Unlike disco, techno, rap - dancers actually touch each other; but there is a difference of opinion to the extent of this - so there are two distinct schools of tango. It probably takes very careful observation to tell the difference.

So-called 'modern-dancing' competitions, which sometimes run endlessly on TV, borrow something from tango and a lot from athletics. I for one, would like to see real tango, but I wouldbrochure: expo anish kapoor like to see it with sober camera-work - rather than the flash images which ape MTV music-clips.

These are different days and the tango itself may not be of prurient interest to anybody except millions of tango fanciers, but it is no less relevant because Paris is gripped in an increasing craze - no, mad delirium! - of Latin dancing. On 13. October, a new TV-cable channel started up as 'Solo Tango.'

The source for my original information wrote, "Many people may not be aware of the connections between Tango and Paris, or that Carlos Gardel - the 'Caruso' of tango - was born in Toulouse; immigrated with his mother at age four to Argentina, and returned in 'triumph' at the height of his career, to Paris."

Here is the fourth week's program, starting with Monday:

Monday, 26. October: at 20:30. This week of tango starts with 'Le Blues de Buenos Aires,' but according to the notes I have there is no address for the location. There will also be a poetry recital by Eve Griliquez, with the musician and singers of 'Loup du Faubourg .' Take a chance and phone the Espace Kiron, for information.
At the Espace Kiron, 10. rue de la Vacquerie, Paris 11. Métro: Voltaire. Info. Tel.: 01 44 64 11 50.

Tuesday, 27. October: from 19:00 to 22:00; Cinema-Gardel night: two fictional movies about Gardel, both in Spanish. 'Ecos del Silencio' by Pablo Rodriguez and 'El Dia Que Me Quieras' by Sergio Dow; both released in 1980.
At the Institut Finlandais, 60. rue des Ecoles, Paris 5. Info. Tel.: 0140 51 89 09.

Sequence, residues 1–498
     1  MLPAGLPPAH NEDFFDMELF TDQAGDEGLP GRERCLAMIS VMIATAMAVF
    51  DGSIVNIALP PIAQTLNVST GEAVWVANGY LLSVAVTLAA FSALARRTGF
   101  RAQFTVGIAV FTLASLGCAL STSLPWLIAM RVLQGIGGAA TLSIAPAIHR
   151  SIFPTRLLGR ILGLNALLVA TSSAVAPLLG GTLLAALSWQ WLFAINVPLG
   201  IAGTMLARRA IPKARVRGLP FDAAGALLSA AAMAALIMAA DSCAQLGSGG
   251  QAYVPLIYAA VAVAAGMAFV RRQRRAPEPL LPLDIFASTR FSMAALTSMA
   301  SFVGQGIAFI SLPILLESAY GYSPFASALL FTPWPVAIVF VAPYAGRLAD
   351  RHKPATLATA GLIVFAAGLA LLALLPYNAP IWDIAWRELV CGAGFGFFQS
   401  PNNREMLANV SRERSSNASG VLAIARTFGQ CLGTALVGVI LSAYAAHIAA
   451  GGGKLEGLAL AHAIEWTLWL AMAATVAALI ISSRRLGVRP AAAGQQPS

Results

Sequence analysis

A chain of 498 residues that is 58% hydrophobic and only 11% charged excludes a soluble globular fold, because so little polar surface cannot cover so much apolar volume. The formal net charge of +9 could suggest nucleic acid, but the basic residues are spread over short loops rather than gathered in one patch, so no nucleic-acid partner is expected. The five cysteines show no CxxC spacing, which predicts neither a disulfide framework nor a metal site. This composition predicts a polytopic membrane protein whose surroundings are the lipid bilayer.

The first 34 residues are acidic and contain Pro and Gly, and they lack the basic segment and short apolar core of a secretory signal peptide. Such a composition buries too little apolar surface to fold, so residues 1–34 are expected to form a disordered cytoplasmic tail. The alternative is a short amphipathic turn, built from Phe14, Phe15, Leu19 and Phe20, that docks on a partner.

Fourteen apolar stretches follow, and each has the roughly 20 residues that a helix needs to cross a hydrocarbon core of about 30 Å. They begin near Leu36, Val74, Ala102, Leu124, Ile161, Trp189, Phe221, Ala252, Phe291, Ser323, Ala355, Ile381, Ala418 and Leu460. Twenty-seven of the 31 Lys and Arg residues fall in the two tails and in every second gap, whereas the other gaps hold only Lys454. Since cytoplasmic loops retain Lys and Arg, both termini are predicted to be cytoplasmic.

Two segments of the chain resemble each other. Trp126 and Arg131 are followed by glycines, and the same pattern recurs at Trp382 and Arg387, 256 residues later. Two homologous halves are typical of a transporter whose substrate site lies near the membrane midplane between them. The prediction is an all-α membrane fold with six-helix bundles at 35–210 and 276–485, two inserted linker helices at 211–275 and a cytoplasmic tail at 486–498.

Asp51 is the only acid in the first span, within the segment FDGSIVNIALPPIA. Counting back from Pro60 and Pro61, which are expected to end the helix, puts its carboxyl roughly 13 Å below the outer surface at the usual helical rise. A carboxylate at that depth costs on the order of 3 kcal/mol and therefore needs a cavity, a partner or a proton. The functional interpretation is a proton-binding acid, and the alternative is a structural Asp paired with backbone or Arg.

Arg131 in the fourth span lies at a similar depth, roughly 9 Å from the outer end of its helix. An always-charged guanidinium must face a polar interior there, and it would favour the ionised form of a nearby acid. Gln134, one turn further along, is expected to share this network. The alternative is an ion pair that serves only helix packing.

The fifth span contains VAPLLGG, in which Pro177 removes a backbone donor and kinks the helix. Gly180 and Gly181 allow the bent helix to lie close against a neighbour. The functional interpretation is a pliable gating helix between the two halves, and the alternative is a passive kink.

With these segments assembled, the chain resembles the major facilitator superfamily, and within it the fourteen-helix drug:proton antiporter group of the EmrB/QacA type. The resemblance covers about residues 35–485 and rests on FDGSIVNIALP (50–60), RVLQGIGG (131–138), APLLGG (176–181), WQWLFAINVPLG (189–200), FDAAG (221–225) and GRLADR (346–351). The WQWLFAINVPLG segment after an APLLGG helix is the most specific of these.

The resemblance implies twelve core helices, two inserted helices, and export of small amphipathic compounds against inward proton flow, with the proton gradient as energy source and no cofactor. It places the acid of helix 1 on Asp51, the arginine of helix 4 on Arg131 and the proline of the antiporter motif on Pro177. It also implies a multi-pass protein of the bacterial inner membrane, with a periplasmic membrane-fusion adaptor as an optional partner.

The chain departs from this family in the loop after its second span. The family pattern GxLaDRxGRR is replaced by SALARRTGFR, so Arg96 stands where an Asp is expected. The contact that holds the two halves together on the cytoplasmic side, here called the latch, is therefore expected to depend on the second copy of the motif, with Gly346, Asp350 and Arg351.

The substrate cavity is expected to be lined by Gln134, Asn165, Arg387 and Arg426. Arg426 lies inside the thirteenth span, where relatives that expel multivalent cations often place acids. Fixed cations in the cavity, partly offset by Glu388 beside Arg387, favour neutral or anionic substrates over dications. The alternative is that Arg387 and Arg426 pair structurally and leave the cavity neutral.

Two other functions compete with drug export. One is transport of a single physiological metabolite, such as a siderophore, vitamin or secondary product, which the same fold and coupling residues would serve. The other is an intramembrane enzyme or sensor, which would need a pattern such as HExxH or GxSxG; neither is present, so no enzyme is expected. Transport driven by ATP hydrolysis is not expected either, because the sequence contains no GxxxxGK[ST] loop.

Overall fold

Wednesday, 28. October: from 19:00 to 22:00; documentary cinema-Tango night: 'Tango Mio' by Jana Bokova is followed by a debate, 'Le Tango de Buenos Aires à Helsinki,' with the participation of Kimmo Pasanen, director of the Institut Finlandais, and Nardo Zalko and Juan Carlos Caceres. With extracts from films and from recordings of Finnish tango music.
At the Institut Finlandais, 60. rue des Ecoles, Paris 5. Info. Tel.: 0140 51 89 09.

Thursday, 29. October: at 21:00: Carlos Saura will be present the national pre-premiere showing of his new film, 'Tango.' Music is by Lalo Schiffrin and cinematography is by Victorio Storaro. This film was awarded a prize at this year's Cannes Festival. This evening, within the framework of 'Thursdays at the Institut Arabe,' is sponsored by the Mairie de Paris, together with the IMA. By invitation only.

Friday, 30. October: at 20:00; 'Le Bandonion' - liturgical music of the tango. Concert by Klaus Gutjar.
At the Goethe Institute, 17. avenue d'Iena, Paris 16. No entry charge. Info. Tel.: 01 44 43 92 30.

Saturday, 31. October: 20:30; 'Patio de Tango' is a dance spectacle with music, with Carmen and Victor. If hunger strikes, the menu is Argentinean and I assume this means beef and not salad.
At the Webbar, 32. rue de Picardie, Paris 3. Métro stop: either Temple or République.

Sunday, 1. November: at 20:30; showing of the film 'Tangos, Ecos del Silencio.'
For this one I have no location. Please call Claude Namer at 01 48 87 74 23 for information.

Next week's program starts with two nights of concerts, followed by a tango cabaret. A big date is Thursday, 5. November, with an evening called 'Airs Arabes de Tango' at the Institut du Monde Arabe. Phone 01 40 51 38 38 to order tickets. Saturday, 7. November will see 12 hours of non-stop tango at the Le Latina cinema, as a final send-off to this 35-day happy-toes event.

For more information, call Claude Namer at 01 48 87 74 23 or fax to: 01 48 87 66 50. Details of the last week of the program continue here next week.

Paris' Mois de la Photo - 10th Edition

This annual event kicks off late this month, starting with Edmond Bacot and Olivier Mériel's photos of Victor Hugo, which can be seen starting Tuesday, 27. October, at the Maison de Victor Hugo in the Place des Vosges. Two days later, 'Ceci est Paris' starts in the city's own home of cultural affairs, at their hôtel at 31. rue des Francs-Bourgeois in the fourth.

Altogether, during November there will be 79 photo exhibitions at 61 locations around Paris. This will not be entirely 'Paris-in-love- with-itself' - there will also be photos of old Moscow, and an exhibition of Soviet views of themselves from 1917 to 1981.

The Big Shows

Paris' L'Automne Italien

Paris' Italian autumn has already started, with Tiepolo in the Petit Palais - see this issue's 'Café' column - and with paintings by Tintoretto. Thirteen are on loan from Venice and the others from French collections. These are being displayed in the Salle des Fêtes in the Mairie of the 5th. At 21. place du Panthéon, Paris 5. Until Wednesday, 13. December. Open Monday to Saturday from 11:00 to 17:45 and on Sundays and holidays from 14:00 to 17:45. Info. Tel.: 01 43 29 21 75.

Gustave Moreau at the Grand Palais